On January 3rd, Paizo announced via the Paizo Blog that they are reworking their errata process so that they could detach errata from the slow and often unpredictable reprinting process. This is an exciting and welcome change that I’m excited to see happen.
Alongside these changes, they also announced the 4th printing of the Core Rulebook and accompanying errata which include some impactful changes. I popped open my PDFs of the 3rd and 4th printings of the CRB to take a look. I’ll hit some of the highlights, but check the Pathfinder FAQ page for the full errata.
Table of Contents
- Alternate Ancestry Boosts
- Alchemist Updates (yes, again)
- Look How They Massacred My Boy Flickmace
Alternate Ancestry Boosts
Wizards of the Coast began moving away from racially fixed changes to ability scores starting with Tasha’s Cauldron of Everything, and since that point all new race options have offered the same choice: +2/+1 or three +1s, with no preference or indication toward any “normal” for a given race.
PF2 launched with ancestry ability boosts/flaws in place, but every ancestry also got at least one “free boost” so there was always some amount of flexibility within your ancestry choice. In addition, the optional “additional flaws” rule allowed you to rework your ability scores to a limited degree. This allowed ancestries to deviate from the written stats, but the rule was frustrating and came at a cost.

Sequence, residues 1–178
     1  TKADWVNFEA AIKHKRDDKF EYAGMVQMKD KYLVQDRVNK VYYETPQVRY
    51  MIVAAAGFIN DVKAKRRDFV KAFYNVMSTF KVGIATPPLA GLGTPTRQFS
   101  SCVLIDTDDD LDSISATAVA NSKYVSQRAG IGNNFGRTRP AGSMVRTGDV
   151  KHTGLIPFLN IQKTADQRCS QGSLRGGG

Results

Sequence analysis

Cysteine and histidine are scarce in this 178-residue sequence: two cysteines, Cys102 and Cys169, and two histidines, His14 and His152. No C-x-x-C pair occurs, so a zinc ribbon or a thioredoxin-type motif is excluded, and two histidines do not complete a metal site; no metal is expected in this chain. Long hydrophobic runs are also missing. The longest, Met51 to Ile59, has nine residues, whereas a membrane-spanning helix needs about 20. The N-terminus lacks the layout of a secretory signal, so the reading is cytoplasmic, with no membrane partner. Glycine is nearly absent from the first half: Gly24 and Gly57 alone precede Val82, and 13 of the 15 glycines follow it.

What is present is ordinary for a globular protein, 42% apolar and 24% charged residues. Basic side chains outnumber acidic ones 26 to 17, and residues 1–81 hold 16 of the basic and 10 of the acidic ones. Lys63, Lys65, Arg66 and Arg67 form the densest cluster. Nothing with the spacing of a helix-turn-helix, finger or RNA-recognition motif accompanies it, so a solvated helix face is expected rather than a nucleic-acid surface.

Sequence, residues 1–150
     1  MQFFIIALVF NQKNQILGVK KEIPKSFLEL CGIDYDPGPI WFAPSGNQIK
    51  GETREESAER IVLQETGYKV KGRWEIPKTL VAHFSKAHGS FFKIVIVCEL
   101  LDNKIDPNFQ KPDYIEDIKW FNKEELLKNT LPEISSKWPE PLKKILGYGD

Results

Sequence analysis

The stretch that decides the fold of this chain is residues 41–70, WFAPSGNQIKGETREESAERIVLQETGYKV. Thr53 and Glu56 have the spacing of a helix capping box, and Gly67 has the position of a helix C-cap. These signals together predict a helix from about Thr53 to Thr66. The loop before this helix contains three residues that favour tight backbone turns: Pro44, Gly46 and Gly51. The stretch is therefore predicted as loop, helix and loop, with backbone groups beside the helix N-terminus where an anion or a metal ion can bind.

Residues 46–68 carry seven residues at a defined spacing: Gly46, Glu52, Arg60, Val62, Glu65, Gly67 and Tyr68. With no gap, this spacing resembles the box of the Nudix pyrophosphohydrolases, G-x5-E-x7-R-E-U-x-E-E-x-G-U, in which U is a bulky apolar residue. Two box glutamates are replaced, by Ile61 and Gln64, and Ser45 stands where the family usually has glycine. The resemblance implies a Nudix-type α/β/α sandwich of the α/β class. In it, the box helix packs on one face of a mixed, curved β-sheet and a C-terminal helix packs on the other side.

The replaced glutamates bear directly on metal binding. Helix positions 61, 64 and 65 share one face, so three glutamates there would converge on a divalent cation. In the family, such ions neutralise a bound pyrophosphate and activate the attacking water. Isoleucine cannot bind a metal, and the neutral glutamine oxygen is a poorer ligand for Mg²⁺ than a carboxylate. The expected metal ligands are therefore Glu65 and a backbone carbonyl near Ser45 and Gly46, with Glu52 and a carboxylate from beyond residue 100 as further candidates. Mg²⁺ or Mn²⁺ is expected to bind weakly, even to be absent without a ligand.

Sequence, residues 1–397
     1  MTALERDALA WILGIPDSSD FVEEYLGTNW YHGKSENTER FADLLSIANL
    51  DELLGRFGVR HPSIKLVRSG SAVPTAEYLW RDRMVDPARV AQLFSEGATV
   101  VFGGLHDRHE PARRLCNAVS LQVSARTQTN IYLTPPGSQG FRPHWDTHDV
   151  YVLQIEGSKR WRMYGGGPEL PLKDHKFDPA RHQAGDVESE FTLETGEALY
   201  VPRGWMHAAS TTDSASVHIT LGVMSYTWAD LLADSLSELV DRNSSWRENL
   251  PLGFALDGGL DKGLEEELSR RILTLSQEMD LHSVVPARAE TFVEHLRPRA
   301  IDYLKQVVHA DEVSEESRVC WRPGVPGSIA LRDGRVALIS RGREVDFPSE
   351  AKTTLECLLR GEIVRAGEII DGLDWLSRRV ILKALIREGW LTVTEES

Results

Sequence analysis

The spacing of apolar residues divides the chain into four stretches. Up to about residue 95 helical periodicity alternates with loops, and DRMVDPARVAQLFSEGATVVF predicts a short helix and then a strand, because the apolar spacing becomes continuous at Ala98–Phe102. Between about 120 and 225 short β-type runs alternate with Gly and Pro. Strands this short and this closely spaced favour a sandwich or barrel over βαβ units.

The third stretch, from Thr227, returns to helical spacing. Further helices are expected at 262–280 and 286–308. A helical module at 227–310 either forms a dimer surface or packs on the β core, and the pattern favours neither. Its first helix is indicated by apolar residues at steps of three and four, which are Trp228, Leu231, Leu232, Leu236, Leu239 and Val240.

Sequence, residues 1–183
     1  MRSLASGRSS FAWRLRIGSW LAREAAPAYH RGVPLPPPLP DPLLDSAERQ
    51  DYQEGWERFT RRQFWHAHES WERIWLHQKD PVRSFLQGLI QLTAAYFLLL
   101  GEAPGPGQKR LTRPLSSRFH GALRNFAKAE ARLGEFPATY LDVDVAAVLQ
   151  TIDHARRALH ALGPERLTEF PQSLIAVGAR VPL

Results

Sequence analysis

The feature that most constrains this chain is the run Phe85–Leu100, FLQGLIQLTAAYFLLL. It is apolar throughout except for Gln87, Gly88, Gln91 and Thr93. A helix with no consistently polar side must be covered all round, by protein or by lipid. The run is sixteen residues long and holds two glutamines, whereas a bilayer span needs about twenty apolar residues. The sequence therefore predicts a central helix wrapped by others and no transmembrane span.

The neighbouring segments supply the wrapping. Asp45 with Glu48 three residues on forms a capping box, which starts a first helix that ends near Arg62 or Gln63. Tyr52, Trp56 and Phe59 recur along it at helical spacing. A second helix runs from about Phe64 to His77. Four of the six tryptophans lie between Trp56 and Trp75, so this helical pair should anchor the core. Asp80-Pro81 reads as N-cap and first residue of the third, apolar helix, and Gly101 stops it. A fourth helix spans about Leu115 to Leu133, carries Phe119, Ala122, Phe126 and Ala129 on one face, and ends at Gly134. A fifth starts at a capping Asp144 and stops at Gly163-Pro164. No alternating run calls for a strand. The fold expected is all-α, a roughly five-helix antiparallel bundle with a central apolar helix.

For example: Say I want to play an elf barbarian. I need high strength and constitution, but elves get boosts two Dexterity and Intelligence, a flaw in Constitution, and a free boost. I can put the free boost in Strength, then look at the additional flaws rules if it’s allowed at my table. I get two free flaws (with some restrictions) and another free boost (also with restrictions). I use the two flaws on Dexterity and Intelligence and put the boost into Constitution. My final ancestry ability scores are one boost in Strength and nothing else. If I see that as unsatisfying, I could get access to elf feats via Adopted Ancestry or by being a half elf, and pretend that it was good enough.
That’s an intentionally frustrating example, of course, and I chose it to highlight the pain points. Both from an optimization perspective and from a storytelling perspective, the additional flaws rule is extremely frustrating. The wording is also confusing, so I have to remind myself exactly how it works every time I build a character.
Enter: Alternate Ancestry Boosts.
Instead of all of that mess, you can now use Alternate Ancestry Boosts and choose two free boosts. This simplifies the process a great deal, and makes it easier to play ancestries which deviate from the base line. At the same time, Paizo has left existing ancestry traits unchanged, so if you want a gnome with Con/Cha/Free boosts and a Str flaw, you’re good. But if you have a different idea for your gnome, you can go for two free boosts.
What about two-boost ancestries?